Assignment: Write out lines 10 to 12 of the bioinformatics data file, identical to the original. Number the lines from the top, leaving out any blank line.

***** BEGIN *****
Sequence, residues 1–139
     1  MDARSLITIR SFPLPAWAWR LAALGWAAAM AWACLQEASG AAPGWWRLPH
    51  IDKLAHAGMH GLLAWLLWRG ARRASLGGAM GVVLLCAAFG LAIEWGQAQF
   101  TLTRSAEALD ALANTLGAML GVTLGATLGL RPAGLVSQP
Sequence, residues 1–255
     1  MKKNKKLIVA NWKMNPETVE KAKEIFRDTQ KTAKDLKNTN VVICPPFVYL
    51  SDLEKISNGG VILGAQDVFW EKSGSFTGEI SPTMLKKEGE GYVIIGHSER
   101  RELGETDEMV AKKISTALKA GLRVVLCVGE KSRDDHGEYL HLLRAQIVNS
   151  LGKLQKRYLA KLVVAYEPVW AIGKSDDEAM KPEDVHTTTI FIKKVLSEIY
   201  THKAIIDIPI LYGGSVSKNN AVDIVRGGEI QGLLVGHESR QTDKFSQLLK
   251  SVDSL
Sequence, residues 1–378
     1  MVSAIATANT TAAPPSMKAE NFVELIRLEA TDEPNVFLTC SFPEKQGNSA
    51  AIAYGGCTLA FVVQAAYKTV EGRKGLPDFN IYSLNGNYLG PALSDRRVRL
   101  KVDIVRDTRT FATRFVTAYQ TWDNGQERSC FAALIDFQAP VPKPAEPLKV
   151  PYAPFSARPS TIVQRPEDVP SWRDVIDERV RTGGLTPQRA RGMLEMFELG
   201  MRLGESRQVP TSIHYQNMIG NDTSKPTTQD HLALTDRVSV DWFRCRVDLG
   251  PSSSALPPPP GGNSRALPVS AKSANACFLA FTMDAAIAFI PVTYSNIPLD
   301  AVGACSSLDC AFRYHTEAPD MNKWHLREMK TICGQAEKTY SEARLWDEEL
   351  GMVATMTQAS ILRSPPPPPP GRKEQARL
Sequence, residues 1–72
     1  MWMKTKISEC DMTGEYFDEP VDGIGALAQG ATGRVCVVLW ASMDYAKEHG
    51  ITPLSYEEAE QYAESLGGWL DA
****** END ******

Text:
   201  THKAIIDIPI LYGGSVSKNN AVDIVRGGEI QGLLVGHESR QTDKFSQLLK
   251  SVDSL
Sequence, residues 1–378